384 pages | 6 x 9 | 2 tables
Cloth Sep 2021 | ISBN 9780812253306 | $99.95s | Outside the Americas £80.00
Paper Sep 2021 | ISBN 9780812225044 | $34.95s | Outside the Americas £26.99
Ebook editions are available from selected online vendors
A volume in the series Pennsylvania Studies in Human Rights
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"The past lives in the present of all of us who are the survivors and descendants of extreme forms of inhumanity, and how we deal with it varies in profound ways, from those who would rather forget to those who demand both moral and material remediation as well as full acknowledgement and restorative apology for past injustices. This volume thoroughly and expertly explores all aspects of this tragic problem, from the slow and swift genocides of slavery and Nazi extermination to the sustained, multifaceted crimes of colonialism, as well as the legal, political and other lessons learned in the struggle for remedial justice. The richly informed and powerfully argued chapters fully persuade the reader of the urgency of a movement that has lately gained renewed vigor as well as moral, legal and intellectual clarity and direction. Above all, the work makes clear that the reparation movement’s goals are not only those of acknowledging and rectifying past wrongs and of preventing future ones but, as the police killings of black Americans make clear, of alleviating the inherited evils of the past still active in our times."—Orlando Patterson, author of Slavery and Social Death: A Comparative Study
"Injustices carry consequences, and unaddressed injustices impose consequences that grow and compound, burdening individuals and societies for generations. Time for Reparations brings history, rigor, and imagination to prospects for reparative approaches to searing human rights wounds. This is the time, and here are viral roadmaps for constructive repair."—Martha Minow, author of When Should Law Forgive?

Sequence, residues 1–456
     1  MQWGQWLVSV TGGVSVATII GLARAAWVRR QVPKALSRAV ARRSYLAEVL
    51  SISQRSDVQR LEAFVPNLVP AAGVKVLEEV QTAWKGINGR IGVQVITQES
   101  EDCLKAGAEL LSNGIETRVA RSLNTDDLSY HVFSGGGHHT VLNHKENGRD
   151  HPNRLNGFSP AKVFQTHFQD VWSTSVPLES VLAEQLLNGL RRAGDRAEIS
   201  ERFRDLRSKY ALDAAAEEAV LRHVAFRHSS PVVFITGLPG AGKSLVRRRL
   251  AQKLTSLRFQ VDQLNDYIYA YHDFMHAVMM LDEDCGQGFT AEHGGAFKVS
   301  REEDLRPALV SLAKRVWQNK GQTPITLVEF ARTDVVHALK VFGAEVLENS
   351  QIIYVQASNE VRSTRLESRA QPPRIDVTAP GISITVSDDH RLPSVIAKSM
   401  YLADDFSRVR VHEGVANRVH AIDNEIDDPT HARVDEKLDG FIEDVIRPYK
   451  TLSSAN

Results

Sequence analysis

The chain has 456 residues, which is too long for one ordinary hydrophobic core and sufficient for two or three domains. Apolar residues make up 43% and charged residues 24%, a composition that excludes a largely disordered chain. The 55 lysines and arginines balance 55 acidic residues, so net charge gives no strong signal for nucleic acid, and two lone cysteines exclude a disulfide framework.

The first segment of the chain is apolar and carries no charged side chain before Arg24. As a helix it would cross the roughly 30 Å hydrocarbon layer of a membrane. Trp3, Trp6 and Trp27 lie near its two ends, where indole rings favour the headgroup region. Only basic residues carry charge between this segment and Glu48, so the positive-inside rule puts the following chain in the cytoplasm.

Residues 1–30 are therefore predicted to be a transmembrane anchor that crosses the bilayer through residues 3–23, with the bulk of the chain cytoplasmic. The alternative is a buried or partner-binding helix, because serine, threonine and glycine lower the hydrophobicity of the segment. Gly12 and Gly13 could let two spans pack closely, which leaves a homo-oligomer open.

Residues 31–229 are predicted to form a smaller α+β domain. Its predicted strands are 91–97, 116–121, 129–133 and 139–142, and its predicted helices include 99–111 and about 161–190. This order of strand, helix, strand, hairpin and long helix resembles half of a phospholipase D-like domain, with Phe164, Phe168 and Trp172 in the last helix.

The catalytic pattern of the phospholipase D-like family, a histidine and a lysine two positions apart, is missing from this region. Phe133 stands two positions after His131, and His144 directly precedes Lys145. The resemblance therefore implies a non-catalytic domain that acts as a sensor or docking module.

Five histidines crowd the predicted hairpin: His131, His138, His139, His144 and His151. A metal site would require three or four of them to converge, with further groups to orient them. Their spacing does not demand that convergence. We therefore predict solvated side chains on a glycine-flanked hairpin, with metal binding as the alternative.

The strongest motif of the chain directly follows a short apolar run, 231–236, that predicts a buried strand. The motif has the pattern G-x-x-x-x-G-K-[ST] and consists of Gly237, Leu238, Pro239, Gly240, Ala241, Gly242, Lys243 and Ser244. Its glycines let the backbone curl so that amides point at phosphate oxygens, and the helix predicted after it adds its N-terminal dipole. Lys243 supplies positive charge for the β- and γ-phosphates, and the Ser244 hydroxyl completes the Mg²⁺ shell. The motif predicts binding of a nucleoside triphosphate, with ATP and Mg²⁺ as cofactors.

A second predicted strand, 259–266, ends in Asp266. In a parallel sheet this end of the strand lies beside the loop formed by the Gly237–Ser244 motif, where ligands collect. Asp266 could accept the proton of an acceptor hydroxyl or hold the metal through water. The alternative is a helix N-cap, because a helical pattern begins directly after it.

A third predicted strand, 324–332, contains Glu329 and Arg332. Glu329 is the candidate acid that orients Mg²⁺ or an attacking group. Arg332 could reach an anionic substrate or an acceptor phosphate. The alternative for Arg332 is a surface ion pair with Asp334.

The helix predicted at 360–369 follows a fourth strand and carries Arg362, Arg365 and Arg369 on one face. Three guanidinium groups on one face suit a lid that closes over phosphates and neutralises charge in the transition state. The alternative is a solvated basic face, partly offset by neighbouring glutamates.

In this sweeping international perspective on reparations, Time for Reparations makes the case that past state injustice—be it slavery or colonization, forced sterilization or widespread atrocities—has enduring consequences that generate ongoing harm, which needs to be addressed as a matter of justice and equity.
Time for Reparations provides a wealth of detailed and diverse examples of state injustice, from enslavement of African Americans in the United States and Roma in Romania to colonial exploitation and brutality in Guatemala, Algeria, Indonesia, Jamaica, and Guadeloupe. From many vantage points, contributing authors discuss different reparative strategies and the impact they would have on the lives of survivor or descent communities.
One of the strengths of this book is its interdisciplinary perspective—contributors are historians, anthropologists, human rights lawyers, sociologists, and political scientists. Many of the authors are both scholars and advocates, actively involved in one capacity or another in the struggles for reparations they describe. The book therefore has a broad and inclusive scope, aided by an accessible and cogent writing style. It appeals to scholars, students, advocates and others concerned about addressing some of the most profound and enduring injustices of our time.
Jacqueline Bhabha is Professor of the Practice of Health and Human Rights at Harvard T. H. Chan School of Public Health.
Margareta Matache is Director of the Roma Program at the Harvard FXB Center for Health and Human Rights.
Caroline Elkins is Professor of History and African and African American Studies at Harvard University.